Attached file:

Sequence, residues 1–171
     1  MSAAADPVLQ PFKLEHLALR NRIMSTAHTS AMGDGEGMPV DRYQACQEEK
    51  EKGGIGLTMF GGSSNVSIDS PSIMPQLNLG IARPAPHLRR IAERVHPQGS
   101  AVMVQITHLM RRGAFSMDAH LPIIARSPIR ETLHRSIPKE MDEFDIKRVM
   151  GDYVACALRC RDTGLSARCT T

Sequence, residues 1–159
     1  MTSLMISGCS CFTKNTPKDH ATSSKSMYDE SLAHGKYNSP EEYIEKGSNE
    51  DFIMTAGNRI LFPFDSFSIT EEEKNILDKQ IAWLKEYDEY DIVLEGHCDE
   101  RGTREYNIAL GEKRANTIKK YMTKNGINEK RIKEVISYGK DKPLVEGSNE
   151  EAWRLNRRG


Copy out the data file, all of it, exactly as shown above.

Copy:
Sequence, residues 1–171
     1  MSAAADPVLQ PFKLEHLALR NRIMSTAHTS AMGDGEGMPV DRYQACQEEK
    51  EKGGIGLTMF GGSSNVSIDS PSIMPQLNLG IARPAPHLRR IAERVHPQGS
   101  AVMVQITHLM RRGAFSMDAH LPIIARSPIR ETLHRSIPKE MDEFDIKRVM
   151  GDYVACALRC RDTGLSARCT T

Sequence, residues 1–159
     1  MTSLMISGCS CFTKNTPKDH ATSSKSMYDE SLAHGKYNSP EEYIEKGSNE
    51  DFIMTAGNRI LFPFDSFSIT EEEKNILDKQ IAWLKEYDEY DIVLEGHCDE
   101  RGTREYNIAL GEKRANTIKK YMTKNGINEK RIKEVISYGK DKPLVEGSNE
   151  EAWRLNRRG